Pietro Querini (Venice, 1400? – 1448) was an Italian merchant and navigator, senator of the Venetian Republic. A Venetian Patrician (N.H.) of the powerful Querini family and therefore a member by right of the Maggior Consiglio della Serenissima. He was Lord, on the island of Candia (Crete), of the fiefs of Castel di Temini and Dafnes, famous for the production of Malvasia wine, which he traded especially with Flanders.
The voyage of the Querina
On 25 April 1431, Peter sailed from Candia to Flanders aboard the carrack Querina with a cargo of 800 barrels of Malvasia, spices, cotton, wax, rock alum and other valuable merchandise, amounting to approximately 500 tonnes. The crew consisted of sixty-eight men of different nationalities. His lieutenants were Nicolò de Michele, a patrician from Veneto, and Cristofalo Fioravante, a comitatus.
On 14 September, having passed Cabo Fisterra, they were surprised by repeated storms and were pushed further and further west, off the coast of Ireland: the rudder broke and the ship remained dismasted, drifting for several weeks, carried away by the Gulf Stream. On 17 December, the crew decided to abandon the half-sunken wreck and split up: 18 embarked on a scow (a sort of lifeboat) and 47 on a second, larger launch, including the three officers. There was no more news of the first boat, but the larger liner drifted for a long time amidst food rations and constant deaths, fortunately touching land on 14 January 1432 on the deserted island of Sandøy, near Røst in the Norwegian Lofoten archipelago, with 16 sailors surviving.
For three months of the year, that is, from June to September, the sun does not set there, and in the opposite months it is almost always night. From 20 November to 20 February the night is continuous, lasting twenty-one hours, although the moon is always visible; from 20 May to 20 August, on the other hand, the sun is always visible, or at least its glow the islanders, a hundred or so fishermen, prove to be very benevolent and servitial, eager to please more out of love than to hope for any service or gift at the meeting … they live in a dozen round houses, with circular openings at the top, which they cover with fish-skins; their only resource is the fish they take to sell in Bergen. (…) They catch innumerable quantities of fish throughout the year, and of only two species: one, which is in greater or rather incomparable quantity, is called stocfisi; the other is passable, but of admirable size, I mean weighing two hundred pounds each. The stocfisi dry in the wind and sun without salt, and because they are fish of little fat moisture, they become as hard as wood. When they want to be eaten, they beat them with the roverso of the mannara, which makes them become stretched out like sinews, then they compose butyro and species to give them flavour: and it is great and inestimable merchandise for that sea of Alemagna. To be very large, they salt them in pieces, and so they are good (…)”.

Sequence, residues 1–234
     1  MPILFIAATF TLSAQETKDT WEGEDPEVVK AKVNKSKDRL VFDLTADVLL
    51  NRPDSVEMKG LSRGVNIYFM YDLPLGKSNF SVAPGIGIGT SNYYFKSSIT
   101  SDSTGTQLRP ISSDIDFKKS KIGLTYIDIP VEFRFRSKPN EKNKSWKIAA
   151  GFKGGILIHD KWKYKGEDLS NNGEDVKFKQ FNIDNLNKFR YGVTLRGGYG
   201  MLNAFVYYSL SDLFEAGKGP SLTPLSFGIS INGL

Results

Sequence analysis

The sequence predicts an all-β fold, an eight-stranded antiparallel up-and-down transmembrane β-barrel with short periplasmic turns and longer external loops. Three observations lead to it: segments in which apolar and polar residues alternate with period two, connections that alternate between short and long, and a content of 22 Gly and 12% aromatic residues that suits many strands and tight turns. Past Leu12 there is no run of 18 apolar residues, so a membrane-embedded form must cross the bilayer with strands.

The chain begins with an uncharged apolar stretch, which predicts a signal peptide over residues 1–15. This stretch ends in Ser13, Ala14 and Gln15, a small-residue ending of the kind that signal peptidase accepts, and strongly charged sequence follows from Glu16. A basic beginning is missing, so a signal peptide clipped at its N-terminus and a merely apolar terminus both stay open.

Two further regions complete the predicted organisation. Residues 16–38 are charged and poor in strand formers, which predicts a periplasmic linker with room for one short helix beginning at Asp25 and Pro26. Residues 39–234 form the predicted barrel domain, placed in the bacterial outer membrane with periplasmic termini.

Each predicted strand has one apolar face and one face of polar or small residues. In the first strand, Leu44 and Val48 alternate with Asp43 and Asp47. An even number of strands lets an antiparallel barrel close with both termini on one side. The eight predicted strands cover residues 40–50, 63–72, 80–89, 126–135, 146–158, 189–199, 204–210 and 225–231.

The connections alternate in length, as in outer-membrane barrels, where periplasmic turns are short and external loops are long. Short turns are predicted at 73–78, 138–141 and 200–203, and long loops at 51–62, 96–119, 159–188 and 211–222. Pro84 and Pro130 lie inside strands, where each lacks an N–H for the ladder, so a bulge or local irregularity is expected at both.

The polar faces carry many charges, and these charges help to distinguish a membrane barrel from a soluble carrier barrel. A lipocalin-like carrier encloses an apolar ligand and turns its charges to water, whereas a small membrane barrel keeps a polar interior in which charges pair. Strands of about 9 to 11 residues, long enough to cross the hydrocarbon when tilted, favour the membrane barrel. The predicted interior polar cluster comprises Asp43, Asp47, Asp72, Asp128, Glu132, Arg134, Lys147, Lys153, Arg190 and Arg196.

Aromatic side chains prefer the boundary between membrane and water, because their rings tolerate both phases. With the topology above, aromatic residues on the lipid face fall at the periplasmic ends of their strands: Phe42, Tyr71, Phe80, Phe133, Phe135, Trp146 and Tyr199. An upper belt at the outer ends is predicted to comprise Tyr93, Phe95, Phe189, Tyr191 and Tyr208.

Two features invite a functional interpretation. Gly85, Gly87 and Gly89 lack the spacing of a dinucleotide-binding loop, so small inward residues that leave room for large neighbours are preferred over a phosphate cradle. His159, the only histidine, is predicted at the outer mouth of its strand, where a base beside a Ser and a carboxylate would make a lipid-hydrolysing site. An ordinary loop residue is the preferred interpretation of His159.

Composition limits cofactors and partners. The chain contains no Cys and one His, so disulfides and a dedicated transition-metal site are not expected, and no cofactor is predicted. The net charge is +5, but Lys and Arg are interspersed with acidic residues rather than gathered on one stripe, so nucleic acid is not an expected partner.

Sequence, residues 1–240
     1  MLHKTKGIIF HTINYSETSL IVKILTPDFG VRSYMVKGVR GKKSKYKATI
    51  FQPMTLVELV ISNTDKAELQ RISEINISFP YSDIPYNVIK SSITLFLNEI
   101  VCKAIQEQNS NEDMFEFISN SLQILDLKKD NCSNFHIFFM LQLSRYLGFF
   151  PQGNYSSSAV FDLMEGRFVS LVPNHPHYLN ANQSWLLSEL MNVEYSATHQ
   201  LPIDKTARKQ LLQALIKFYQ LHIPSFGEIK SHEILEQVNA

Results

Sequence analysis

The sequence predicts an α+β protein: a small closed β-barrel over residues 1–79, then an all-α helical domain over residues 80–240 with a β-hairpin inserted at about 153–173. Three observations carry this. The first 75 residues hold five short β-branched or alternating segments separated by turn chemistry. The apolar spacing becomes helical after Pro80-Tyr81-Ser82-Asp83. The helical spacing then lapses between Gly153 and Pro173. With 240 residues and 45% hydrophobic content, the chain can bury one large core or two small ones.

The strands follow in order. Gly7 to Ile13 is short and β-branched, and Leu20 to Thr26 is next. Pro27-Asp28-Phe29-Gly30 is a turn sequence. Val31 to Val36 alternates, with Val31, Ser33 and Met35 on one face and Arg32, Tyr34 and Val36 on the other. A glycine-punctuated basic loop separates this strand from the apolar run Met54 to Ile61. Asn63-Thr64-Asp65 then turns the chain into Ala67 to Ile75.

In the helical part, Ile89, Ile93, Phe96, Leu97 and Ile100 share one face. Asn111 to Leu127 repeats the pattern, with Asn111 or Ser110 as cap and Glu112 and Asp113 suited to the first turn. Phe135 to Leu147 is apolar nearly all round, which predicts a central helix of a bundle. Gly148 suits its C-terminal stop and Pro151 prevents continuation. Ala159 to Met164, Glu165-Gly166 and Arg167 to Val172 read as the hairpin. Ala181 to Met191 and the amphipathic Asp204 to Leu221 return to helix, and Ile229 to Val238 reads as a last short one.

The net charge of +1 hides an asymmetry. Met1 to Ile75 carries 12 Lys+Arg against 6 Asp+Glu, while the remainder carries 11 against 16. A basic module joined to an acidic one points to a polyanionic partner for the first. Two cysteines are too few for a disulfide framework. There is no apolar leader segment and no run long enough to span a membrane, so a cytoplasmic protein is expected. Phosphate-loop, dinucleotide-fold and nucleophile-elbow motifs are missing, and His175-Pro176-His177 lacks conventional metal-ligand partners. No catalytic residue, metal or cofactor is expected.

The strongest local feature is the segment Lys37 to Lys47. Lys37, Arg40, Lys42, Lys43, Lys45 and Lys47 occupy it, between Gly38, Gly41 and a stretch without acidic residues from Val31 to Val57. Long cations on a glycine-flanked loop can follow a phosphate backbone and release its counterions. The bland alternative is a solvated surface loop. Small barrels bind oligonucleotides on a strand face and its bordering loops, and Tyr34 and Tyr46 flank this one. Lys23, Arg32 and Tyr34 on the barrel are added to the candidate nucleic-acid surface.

Here the sailors spent about four months, hosted by the community of fishermen, people who, as Querini wrote, were extremely kind and sociable:
“These of the said rocks are most pure and good-looking men, and so are their women, and so great is their simplicity that they care not to shut up any of their things, nor even of their women have regard: and this we clearly understood, because in the same rooms where husbands and wives and their daughters slept, we also lodged, and in our conspectus they undressed naked when they wanted to go to bed; and having the custom of stewing on Thursdays, they undressed at home and naked for the drawing of a basket went to find the stove, mixing with the men (. ..).”
But Pietro Querini did not fear scandal because, as he wrote in his diary:
“The 120 inhabitants of the island are all very faithful and devout Catholics, without any lust, so cold is the region and contrary to all lechery.”
On 15 May 1432, Querini was helped by fishermen to depart for Venice, taking with him dried stockfish. On the return journey he passed through Trondheim, Vadstena and London, where he was the guest of the then powerful Venetian community living on the Thames.
From there, after 24 days on horseback, the ‘capitano da mar’ finally arrived in Venice on 12 October 1432. There he imported the idea of stockfish, which immediately enjoyed great success and which the Venetians learned to appreciate, both for its gastronomic goodness and for its characteristics as a food with a long shelf life, very useful both on sea and land voyages, as well as for its characteristic of being a ‘lean food’, so that it became one of the dishes recommended during the more than 200 days of lean food, set, together with the food, on 4 December 1563, the date of the 25th and last session of the Council of Trent.
Very important in the travel report, which he later wrote for the Senate, is the description of the life of Norwegian fishermen and the technique of preserving cod that, once dried, becomes stockfish.